The experience of a fast-paced job can be very exciting. A career as an executive chef is exactly that. In order to become a chef in a high-class restaurant, you must possess a relevant education, proper training, and be willing to work very hard. With these prerequisites accomplished, obtaining a position as a chef in a fine establishment is not difficult and is very rewarding. Let s first take a look at the educational requirements that are necessary.
Nearly all accomplished chefs that begin their career in the United States have received an Associate of Occupational Studies (AOS) degree in culinary arts. The two most widely recognized educational institutions in America are the Culinary Institute of America (CIA) in Hyde Park, New York and St. Helena, California, and the California Cooking Academy (CCA) in San Francisco, California (Thomas). Although these are the two most prestigious culinary schools in America, any school that is certified by the Accrediting Committee of the American Culinary Foundation will provide an adequate education. The AOS degree in Culinary Arts is an intensive two-year program. Topics covered include breads, appetizers, soups, salads, sauces, vegetables, entrees, pastries, and desserts. A special emphasis is placed on the identification, preparation, portioning, and presentation of meat, poultry, and seafood. Further education in this field would include an additional one-year program resulting in a Baking and Pastries Certificate, but is not necessary (Thomas). Although education is crucial, proper training is even more important.
Proper training of a chef usually consists of an internship or apprenticeship for a minimum of two years. During this time, the aspiring chef will work in all areas of the kitchen, mastering all aspects of food preparation. The stations that are typically covered are pantry, desserts, line back, and management. The pantry is the area where salads, bread, and appetizers area prepared. Besides bread baking and some grilling, little cooking actually occurs here. Most of the work lies in assembling the dishes for presentation. Desserts are usually the next station that the intern or apprentice moves on to. More time is spent here due to the complexity of the job. Cooks are taught how to create, create, and present their desserts. Cakes, pies, pastries, custards, and ice creams are just some of the items that a chef will learn about here. The line or galley is where a majority of the entrees are prepared. On the line, a student will learn how to cook quickly, efficiency, and master the recipes. In most cases, this is where the greatest amount of time will be spent. The back refers to the back of the kitchen, where the work consists of food preparation for the line and pantry. Cleaning, cutting, and portioning of vegetables, meat, and seafood occur in the back. Preparation of items such as soups, sauces, pasta dough, and bread dough also take place in the back. After the prospective chef has spent a given amount of time at each station (usually three to six months), they learn how to manage the kitchen as a whole. Food cost analysis, job safety, menu conception, employee management, ordering, and general logistics are learned during this time (Plazola). Now that a future chef has been taught nearly everything they need to know in order to succeed, they must be willing to work very hard.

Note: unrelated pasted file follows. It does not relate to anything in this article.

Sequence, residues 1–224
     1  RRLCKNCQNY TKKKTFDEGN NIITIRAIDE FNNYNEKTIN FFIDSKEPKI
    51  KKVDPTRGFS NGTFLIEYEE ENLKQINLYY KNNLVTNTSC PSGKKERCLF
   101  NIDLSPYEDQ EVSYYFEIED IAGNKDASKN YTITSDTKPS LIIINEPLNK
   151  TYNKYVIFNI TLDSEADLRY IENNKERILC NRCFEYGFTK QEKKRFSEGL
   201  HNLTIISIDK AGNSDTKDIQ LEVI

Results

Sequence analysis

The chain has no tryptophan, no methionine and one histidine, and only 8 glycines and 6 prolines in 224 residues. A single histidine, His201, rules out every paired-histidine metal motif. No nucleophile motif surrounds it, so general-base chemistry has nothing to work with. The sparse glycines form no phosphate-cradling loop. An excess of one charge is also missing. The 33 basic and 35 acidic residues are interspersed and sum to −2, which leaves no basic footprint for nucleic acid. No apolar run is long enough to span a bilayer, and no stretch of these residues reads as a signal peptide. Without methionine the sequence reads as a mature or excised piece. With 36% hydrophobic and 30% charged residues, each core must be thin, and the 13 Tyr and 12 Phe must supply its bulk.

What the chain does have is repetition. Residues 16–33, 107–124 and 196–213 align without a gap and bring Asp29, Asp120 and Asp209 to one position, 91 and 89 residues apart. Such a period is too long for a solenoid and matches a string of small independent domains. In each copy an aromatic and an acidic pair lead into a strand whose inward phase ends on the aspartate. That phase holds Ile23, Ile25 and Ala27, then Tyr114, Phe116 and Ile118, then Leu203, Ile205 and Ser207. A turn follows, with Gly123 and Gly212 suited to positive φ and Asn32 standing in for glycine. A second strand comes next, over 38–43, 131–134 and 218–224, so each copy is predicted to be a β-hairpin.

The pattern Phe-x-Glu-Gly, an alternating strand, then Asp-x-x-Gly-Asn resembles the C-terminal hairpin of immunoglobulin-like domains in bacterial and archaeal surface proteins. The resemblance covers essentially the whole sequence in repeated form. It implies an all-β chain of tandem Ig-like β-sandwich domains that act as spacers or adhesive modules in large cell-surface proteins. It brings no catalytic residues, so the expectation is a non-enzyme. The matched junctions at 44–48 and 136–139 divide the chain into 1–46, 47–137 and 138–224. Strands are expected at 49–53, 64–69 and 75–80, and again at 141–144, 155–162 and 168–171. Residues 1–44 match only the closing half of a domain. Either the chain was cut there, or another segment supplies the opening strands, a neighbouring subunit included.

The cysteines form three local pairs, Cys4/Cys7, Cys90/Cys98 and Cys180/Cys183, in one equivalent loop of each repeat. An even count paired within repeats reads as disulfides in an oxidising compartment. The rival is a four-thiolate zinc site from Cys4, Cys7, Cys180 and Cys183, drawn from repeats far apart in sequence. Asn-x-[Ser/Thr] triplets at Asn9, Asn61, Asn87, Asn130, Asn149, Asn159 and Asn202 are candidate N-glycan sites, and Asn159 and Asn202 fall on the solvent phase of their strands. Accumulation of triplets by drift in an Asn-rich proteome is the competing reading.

As a new chef, Alfredo Plazola states that one should expect to work fourteen to sixteen hour days for six days a week, and sometimes- even more for the first few months. During this time, employees are taught the recipes that have been chosen to appear on the menu, to implement the techniques that are to be employed in the kitchen, and sous chefs are appointed or hired. Not only is the workday long, but the work itself is grueling as well. Nearly the entire day is spent walking or standing. The physical demands on the body are tremendous, especially at the line or pantry where temperatures can easily rise past 110 degrees, due to the operation of stoves and ovens (Soeder). The job is mentally taxing as well. Stressful situations are frequent, and improvisation is common mainly because there is no room for mistakes (Michaelides). Although the work is difficult, the rewards are well worth it.
The rewards are not only monetary, but personally gratifying as well. The salary of a qualified sous chef in a fine restaurant usually starts around $50,000 per year, while an executive chef can expect to start upwards of $60,000 per year ( Money Matters ). Of course, this figure depends on the area of the country, the experience of the chef, as well as varying bonus plans. Salaries for a chef employed in a family style chain restaurant usually start around $36,000 per year, plus bonuses based on the performance of the restaurant. Although the pay is adequate, nearly all chefs choose the occupation out of interest or enjoyment. The satisfaction of knowing that 300 people that you have cooked for in a given evening enjoyed the meal is a reward that has no monetary value (Michaelides).
As you can see, with a proper education, training, and hard work, a career as a chef can be an extremely rewarding experience. The preparation of food is not only a job that satisfies peoples hunger, it is also an art, and the chefs are the artists.